The Horn Bet

casino craps guideSome seasoned craps players opt for incorporating the so-called Horn bet into their betting pattern to diversify their gameplay and bring in more excitement to their session. Inexperienced players, however, are recommended to refrain from experimenting with this more exotic bet type as the Horn is a higher-risk bet and is largely considered one of the worst options to go for in a game of craps as the player’s bet is actually divided equally into four individual, smaller stakes on four different numbers. The only advantage of the Horn is that it is a one-roll bet type so one would not have to wait for the dice throws, irrelevant to their bet to pass. Horn bets can be placed and are accepted at every stage of the game.

Craps novices should consider becoming better acquainted with the Horn bet’s essence, how it is divided and its odds prior to placing such stakes. Furthermore, this will help them avoid confusion as many beginners tend to mix up Horn bets with the so-called “Craps and Eleven” bet.

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The Horn Bet Explained

As we’ve briefly mentioned above, the Horn bet is a single-roll bet type and is always placed by the stickman in the center section of the table’s layout. A truly unique bet type, the Horn allows players to combine four individual wagers into one. The Horn covers all three Craps numbers (2,3 and 12) as well as the number 11. Thus, if you place a $20 Horn bet, the sum will be divided equally between all four numbers and the stickman will respectively place four $5 chips on 2, 3, 11 and 12. Unlike the Any Craps bet which wins when any one of the Craps numbers is rolled, with the Horn bet, only the number that is thrown wins, the remaining three stakes you’ve placed will ultimately lose.

Let’s return to our example to better demonstrate how it works. As players are required to place bets that are equally divisible by the number four, we will assume you’ve placed $20 “around the horn” to use the proper craps term, so that each of the four numbers 2, 3, 11 and 12 is covered with a $5 stake. The number 12 is rolled on the next dice throw, so you practically win with one of your individual stakes. As payouts for the Horn bet depend on the winning number and 12 pays out 30 to 1, you will collect a total of $150, plus your initial $5 stake on 12. Unfortunately, your bets on the remaining three numbers 2, 3 and 11 will ultimately lose, causing you to part with your remaining $15. So it turns out, this is the most profitable option as you will win $155 and lose $15 – your net profit in this case will amount to $140. The tricky part is that if one of the following numbers 4, 5, 6, 7, 8, 9 or 10 is thrown, you will lose your entire $20 stake and walk away empty-handed.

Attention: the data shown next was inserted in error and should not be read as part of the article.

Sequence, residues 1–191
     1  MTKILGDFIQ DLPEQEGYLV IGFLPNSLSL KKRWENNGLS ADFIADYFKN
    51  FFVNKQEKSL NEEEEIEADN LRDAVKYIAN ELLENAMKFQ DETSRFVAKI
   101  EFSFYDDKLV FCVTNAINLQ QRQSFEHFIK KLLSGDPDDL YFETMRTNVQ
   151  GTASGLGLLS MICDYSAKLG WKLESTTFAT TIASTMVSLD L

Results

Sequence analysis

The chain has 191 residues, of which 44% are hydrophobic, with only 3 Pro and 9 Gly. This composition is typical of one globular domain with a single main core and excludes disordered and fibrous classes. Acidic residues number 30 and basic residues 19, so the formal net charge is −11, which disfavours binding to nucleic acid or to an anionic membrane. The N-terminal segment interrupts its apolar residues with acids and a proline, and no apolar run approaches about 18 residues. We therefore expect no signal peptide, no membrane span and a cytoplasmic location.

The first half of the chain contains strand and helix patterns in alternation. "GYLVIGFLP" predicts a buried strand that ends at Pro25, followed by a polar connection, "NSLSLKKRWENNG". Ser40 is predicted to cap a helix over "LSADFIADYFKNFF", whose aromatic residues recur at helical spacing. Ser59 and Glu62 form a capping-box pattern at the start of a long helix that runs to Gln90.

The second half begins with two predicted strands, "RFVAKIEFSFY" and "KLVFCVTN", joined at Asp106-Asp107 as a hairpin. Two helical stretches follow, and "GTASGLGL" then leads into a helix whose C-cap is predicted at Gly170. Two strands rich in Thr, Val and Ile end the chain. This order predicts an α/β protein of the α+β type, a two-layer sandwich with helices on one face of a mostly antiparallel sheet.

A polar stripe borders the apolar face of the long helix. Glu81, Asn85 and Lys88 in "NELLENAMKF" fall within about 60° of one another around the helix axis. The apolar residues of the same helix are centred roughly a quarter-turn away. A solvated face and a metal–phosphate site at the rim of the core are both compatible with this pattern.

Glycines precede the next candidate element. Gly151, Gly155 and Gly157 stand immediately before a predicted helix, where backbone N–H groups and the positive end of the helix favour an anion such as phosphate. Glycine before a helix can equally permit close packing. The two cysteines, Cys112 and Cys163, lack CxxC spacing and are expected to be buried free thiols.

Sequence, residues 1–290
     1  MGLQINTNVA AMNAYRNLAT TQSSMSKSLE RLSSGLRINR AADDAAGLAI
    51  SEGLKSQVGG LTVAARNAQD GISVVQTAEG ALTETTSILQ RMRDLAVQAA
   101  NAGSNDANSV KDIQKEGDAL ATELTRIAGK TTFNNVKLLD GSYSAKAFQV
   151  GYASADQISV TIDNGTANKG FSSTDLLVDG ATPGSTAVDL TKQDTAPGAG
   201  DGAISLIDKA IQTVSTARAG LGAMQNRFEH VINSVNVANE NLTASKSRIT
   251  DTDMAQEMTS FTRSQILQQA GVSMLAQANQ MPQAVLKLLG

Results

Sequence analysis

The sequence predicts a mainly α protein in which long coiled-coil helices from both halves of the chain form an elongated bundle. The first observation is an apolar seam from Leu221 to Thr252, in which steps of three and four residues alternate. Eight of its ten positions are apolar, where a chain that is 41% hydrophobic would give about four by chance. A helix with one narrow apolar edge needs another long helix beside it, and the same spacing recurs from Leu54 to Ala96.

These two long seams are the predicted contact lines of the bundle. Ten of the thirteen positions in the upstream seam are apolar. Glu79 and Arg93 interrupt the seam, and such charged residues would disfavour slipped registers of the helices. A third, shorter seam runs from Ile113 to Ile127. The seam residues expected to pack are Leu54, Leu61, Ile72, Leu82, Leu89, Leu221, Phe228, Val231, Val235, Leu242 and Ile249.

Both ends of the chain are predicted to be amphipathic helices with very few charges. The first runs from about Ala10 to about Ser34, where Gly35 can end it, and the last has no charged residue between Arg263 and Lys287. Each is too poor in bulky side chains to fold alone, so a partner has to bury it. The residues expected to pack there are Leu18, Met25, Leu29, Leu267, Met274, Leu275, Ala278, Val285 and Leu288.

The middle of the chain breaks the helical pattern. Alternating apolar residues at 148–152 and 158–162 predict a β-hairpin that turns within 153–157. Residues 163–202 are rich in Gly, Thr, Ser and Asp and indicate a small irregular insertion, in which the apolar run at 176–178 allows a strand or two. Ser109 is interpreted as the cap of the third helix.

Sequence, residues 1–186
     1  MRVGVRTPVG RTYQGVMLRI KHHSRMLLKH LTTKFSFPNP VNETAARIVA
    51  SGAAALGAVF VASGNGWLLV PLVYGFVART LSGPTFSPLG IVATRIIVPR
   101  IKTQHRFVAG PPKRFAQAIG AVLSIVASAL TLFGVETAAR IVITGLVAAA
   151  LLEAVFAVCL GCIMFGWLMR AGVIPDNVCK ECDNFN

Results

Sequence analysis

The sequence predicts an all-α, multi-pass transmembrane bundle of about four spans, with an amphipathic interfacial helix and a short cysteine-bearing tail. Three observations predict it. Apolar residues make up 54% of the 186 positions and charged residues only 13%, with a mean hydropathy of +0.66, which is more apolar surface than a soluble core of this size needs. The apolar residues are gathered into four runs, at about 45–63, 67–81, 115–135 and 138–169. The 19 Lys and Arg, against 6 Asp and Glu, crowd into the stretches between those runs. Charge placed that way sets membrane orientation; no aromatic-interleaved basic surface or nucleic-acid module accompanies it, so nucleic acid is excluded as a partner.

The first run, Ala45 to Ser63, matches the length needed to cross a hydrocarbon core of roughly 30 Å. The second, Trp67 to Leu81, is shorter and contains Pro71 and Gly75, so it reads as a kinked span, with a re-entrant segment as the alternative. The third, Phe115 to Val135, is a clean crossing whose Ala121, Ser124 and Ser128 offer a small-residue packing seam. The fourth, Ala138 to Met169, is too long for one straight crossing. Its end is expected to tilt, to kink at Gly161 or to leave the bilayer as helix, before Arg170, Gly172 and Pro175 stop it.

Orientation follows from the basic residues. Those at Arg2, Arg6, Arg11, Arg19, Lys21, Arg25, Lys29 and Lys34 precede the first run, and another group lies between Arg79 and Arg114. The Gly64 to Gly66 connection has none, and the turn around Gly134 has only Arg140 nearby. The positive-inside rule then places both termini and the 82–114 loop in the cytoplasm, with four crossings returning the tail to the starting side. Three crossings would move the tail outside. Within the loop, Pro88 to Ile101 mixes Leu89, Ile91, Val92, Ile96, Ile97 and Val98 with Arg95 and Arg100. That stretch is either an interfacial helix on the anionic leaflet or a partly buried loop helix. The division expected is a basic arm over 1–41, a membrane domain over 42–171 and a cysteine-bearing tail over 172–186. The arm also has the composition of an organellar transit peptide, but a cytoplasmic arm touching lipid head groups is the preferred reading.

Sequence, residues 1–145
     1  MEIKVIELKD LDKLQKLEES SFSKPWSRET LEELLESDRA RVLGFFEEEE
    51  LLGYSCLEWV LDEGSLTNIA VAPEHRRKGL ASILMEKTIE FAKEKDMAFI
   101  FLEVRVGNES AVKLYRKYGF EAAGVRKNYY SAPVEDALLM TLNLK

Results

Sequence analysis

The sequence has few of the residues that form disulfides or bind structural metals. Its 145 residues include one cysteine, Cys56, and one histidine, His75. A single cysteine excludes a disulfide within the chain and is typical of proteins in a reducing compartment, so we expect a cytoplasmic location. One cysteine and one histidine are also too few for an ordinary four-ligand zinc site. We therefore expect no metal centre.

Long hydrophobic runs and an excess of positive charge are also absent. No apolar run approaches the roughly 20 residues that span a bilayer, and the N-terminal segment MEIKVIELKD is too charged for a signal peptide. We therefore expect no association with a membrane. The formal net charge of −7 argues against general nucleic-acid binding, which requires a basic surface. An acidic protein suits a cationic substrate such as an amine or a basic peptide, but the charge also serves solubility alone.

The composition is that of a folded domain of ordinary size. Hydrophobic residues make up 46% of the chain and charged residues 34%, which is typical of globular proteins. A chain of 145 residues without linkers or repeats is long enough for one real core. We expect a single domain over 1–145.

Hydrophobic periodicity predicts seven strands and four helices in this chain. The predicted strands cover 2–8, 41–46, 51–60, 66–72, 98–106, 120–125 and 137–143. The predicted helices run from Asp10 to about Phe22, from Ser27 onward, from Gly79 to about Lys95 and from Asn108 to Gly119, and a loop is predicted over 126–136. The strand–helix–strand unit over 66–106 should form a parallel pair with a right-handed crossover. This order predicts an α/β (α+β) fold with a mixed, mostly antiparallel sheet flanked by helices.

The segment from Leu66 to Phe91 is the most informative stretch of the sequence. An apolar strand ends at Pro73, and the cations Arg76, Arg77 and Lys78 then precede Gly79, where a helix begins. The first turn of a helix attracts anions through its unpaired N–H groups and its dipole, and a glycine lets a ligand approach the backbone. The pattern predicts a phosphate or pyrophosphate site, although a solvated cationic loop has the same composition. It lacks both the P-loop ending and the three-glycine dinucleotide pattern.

One important thing to remember is that players are advised to stick to whole numbers that are equally and easily divisible by four. First of all, this will enable you to avoid fractions which are difficult to divide and subtract mentally. Then again, if you have placed say $5 “around the horn”, your payout (provided that you win) will be fractional as well. However, there are no casino chips to represent cents, so the stickman will round down your profits to the nearest integer. If 12 is rolled, your $1.25 individual bet on this number will be multiplied by 30, so you win $37.50. Your other three $1.25 stakes will result in a $3.75 loss. Your net profits in this instance will amount to $33.75, but you will receive only $33.